In rural Athens County, professionals give children in the foster care system an opportunity to succeed as they transition from childhood to adulthood.
Throughout 2018, Athens County Child Services reported 166 children in its care. As of this month, Athens County Child Services reported 100 children in its care.
“Permanency is our priority and ultimate goal for children,” Robin Webb, a public information officer and community event coordinator at Athens County Children Services, said in an email. “In 2018, 43 percent of our custody cases were reunited with their birth families, 20 percent were placed in the custody of a relative, and 27 percent were adopted.”
Athens County Child Services works with the birth family of the child, the court and other partners toward reuniting the child with the biological family. If the court determines the child can safely return home, Athens County Child Services helps the family through that transition process.
Athens County Child Services is sometimes granted permanent custody when the child’s home is no longer a safe option. The agency then works with the child to determine if they should live with a relative or an adoptive family.
During that process, a program like Southeastern Ohio Youth Mentoring helps those children by giving them a mentor that forges a relationship lasting from age 5 to 17.
"There is no strict criteria for a child to be in this program. The caretaker sees a need for another role model in the child's life. Some children have risk factors like abuse, housing, or food insecurity,” Jim Salzman, the executive director at Southeastern Ohio Youth Mentoring Program, said.
Grandparents, single parents or disabled caretakers have enrolled their children in the program in the past. Mentors and mentees begin to strengthen their relationship by making a coat of arms of the mentee's morals and personality. The mentor makes their own coat of arms to guide the mentee's endeavors.
"People have developed these relationships over decades and have been invited to life events like weddings," Salzman said.
The community-based mentorship program hosts activities for mentors and mentees throughout the summer including trips to the Athens Community Pool, Copperheads baseball games and trips to see the Appalachian Hell Betties. Backpacks and school supplies are donated by the Athens Elks for an annual back-to-school party.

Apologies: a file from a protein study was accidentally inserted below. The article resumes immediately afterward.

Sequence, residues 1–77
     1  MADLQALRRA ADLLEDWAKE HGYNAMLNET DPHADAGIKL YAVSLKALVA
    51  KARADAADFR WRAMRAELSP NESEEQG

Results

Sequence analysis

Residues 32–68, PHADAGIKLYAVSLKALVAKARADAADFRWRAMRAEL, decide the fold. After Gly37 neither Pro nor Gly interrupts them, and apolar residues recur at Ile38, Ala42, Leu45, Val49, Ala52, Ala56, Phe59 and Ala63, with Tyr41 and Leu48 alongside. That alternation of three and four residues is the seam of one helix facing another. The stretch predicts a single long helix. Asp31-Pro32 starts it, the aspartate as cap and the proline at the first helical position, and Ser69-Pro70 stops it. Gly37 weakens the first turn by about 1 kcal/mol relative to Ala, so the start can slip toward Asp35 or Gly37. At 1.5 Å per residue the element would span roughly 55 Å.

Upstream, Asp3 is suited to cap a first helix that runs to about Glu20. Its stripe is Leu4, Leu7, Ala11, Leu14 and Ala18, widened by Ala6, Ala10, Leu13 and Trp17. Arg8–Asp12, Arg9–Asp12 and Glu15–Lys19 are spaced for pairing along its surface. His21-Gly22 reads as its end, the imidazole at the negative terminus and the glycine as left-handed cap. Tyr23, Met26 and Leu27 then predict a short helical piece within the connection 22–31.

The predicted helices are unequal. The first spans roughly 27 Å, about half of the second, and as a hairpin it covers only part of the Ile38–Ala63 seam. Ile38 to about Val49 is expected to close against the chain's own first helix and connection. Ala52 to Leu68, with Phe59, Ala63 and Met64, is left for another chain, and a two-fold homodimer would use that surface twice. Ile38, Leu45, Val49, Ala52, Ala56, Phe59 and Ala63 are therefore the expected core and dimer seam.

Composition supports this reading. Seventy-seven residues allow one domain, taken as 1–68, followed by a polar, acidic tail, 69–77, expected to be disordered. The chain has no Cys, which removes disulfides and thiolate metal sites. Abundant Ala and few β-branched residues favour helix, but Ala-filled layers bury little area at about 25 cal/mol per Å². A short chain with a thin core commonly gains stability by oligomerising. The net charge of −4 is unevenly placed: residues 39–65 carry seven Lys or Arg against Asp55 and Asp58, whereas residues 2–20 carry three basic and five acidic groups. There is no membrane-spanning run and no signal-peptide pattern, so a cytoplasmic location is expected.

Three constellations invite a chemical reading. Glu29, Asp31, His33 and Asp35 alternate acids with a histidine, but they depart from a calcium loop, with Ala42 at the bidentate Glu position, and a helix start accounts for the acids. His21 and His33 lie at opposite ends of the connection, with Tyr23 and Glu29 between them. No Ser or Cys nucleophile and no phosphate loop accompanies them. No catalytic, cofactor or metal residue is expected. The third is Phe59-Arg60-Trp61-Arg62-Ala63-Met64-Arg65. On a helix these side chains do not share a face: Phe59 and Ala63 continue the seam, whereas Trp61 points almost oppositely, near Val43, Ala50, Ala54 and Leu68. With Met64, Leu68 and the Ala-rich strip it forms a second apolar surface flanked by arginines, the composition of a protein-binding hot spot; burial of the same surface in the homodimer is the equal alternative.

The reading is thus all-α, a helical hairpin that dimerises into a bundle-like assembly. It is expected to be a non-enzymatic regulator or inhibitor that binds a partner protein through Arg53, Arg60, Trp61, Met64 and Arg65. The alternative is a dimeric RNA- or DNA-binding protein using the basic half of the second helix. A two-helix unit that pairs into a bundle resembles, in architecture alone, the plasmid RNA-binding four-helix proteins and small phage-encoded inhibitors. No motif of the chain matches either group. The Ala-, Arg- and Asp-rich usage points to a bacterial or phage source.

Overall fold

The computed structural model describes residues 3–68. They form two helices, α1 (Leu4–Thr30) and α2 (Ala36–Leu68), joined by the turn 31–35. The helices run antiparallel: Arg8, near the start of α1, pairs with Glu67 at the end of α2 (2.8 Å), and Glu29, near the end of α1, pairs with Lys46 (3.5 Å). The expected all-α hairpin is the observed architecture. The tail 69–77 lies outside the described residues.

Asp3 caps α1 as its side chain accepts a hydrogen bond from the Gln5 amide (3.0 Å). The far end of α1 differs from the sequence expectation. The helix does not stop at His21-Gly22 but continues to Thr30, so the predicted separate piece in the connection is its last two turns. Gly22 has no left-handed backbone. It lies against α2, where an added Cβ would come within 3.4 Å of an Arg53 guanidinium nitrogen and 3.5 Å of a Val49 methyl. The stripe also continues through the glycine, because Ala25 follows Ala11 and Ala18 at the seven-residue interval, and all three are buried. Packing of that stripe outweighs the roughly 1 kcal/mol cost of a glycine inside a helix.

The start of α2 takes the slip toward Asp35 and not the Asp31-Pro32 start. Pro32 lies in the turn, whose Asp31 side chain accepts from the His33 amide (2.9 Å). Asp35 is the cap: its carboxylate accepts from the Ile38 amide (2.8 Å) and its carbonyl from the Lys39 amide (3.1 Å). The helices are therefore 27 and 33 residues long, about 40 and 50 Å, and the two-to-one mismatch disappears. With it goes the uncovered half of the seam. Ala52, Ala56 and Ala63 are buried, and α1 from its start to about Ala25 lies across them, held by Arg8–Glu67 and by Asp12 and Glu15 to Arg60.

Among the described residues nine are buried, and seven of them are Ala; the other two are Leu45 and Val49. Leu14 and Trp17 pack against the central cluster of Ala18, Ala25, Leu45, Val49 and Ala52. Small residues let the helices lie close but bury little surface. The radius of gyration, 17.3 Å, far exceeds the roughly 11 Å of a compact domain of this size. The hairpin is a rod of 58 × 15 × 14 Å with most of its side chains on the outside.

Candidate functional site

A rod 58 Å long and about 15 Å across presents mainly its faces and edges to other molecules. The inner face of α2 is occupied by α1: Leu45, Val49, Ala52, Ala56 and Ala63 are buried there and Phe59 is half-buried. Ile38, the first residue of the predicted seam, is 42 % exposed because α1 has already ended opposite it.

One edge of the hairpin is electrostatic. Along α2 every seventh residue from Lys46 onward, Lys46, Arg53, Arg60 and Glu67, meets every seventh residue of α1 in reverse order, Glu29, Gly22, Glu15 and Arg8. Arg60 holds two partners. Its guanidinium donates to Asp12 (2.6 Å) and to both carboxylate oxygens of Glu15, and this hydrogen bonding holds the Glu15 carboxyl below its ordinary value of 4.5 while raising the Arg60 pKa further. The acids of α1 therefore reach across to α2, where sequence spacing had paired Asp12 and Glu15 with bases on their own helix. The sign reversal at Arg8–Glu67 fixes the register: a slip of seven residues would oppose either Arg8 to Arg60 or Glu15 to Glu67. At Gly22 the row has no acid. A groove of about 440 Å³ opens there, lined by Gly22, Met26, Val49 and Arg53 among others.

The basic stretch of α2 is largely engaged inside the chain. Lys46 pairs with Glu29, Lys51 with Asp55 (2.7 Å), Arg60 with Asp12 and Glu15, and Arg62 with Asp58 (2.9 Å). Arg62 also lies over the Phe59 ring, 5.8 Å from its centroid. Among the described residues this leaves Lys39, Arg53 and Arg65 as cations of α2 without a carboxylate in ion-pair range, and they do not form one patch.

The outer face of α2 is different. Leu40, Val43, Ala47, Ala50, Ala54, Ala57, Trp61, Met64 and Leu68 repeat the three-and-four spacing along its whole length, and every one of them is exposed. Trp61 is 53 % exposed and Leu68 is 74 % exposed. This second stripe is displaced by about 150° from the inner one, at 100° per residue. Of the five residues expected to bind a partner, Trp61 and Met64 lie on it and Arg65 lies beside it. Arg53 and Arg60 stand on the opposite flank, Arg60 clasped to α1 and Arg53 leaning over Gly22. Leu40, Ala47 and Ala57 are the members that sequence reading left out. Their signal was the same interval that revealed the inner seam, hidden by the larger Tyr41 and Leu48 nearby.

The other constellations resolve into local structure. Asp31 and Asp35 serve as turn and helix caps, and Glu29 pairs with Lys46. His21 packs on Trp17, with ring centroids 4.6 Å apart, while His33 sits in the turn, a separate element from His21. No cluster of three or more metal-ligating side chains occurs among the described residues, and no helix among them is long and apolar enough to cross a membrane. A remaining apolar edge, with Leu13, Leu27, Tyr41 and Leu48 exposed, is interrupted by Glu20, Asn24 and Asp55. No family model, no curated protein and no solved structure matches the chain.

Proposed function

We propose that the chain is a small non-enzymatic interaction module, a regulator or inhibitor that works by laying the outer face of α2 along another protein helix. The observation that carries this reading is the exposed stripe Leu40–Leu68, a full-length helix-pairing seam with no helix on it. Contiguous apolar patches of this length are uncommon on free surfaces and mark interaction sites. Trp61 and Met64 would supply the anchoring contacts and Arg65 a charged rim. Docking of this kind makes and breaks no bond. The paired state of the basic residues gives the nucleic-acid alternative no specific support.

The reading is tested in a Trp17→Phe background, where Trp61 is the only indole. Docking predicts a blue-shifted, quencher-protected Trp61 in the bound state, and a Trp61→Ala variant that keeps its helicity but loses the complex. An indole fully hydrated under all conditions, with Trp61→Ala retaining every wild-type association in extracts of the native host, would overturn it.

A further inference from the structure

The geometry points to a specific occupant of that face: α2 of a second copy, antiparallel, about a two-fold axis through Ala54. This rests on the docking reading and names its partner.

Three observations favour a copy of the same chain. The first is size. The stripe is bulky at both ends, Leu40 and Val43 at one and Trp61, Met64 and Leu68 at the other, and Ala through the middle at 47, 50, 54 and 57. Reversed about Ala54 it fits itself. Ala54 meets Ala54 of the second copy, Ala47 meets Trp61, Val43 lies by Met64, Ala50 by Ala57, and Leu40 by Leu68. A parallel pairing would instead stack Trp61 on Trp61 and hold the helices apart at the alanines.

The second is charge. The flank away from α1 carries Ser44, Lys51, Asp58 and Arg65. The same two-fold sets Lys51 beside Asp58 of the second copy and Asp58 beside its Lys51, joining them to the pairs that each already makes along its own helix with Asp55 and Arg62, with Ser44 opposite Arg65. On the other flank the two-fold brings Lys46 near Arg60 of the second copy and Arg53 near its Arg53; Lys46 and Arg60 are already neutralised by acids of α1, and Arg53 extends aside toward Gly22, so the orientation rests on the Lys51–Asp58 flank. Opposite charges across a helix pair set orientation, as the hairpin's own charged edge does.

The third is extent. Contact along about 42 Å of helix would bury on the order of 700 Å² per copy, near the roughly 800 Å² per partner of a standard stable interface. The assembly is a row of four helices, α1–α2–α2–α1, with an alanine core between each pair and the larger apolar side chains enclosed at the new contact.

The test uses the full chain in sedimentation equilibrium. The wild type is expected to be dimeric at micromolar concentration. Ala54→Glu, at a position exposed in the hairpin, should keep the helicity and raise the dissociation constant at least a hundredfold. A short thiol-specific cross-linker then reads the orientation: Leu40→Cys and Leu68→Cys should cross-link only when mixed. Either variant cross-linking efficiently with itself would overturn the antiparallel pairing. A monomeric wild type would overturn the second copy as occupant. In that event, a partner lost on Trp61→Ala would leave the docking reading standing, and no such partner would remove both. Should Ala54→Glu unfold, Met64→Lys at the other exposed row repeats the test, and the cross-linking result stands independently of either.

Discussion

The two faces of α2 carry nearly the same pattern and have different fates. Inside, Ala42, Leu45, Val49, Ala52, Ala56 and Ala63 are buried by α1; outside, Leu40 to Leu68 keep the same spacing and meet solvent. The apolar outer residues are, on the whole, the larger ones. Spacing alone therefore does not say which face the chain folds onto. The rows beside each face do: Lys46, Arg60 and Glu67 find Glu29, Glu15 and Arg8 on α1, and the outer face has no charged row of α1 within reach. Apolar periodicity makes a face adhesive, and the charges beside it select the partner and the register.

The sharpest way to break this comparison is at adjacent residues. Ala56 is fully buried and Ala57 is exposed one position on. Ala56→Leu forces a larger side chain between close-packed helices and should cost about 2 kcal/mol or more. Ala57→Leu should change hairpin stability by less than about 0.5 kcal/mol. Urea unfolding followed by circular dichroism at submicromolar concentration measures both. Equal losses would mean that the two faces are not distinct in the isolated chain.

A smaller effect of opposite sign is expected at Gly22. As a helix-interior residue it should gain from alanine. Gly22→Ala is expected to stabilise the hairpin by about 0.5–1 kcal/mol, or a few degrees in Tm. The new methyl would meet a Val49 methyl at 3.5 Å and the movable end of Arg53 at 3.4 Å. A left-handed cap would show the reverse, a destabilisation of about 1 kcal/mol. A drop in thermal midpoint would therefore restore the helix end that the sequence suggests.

"There is currently 12 kids in the Community Mentoring program, with a waitlist of 20 more kids," Salzman said.
The Youth in Leadership Program hosts activities that teach healthy living in partnership with the Ohio State Extension Program. The program runs events throughout the year for mentors and mentees to solidify their relationship.
"For the 2017-2018 school year, there was 24 kids being mentored in the in the Youth in Leadership mentoring program. In the 2018-2019 school year, there is 15 kids in the Youth and leadership mentoring program,” Salzman said.
Once kids in the foster system turn 18, an independent living case worker in Athens County meets with them to help them establish residency or transition to a university or job.
If they choose to attend a university, the Ohio Reach program steps in to help them acclimate to campus and their new level of independence. The program also helps colleges to establish methods to help these students.
"Each program is unique, but they all offer one-time emergency funds to be used for things like books or housing payments," William Murray, Ohio Reach Coordinator, said.
Since its inception 12 years ago, Ohio University, Bowling Green State University, Ohio State Newark, Wright State, Hocking College, Kent State, Franklin University and St. Clair Community College joined the Ohio Reach program.
"The average number of students in these programs is 10, though Columbus State Community College currently has 24," said Murray.
The Reach program at OU has hosted gatherings during family weekend to help former foster care students who want an alternative experience.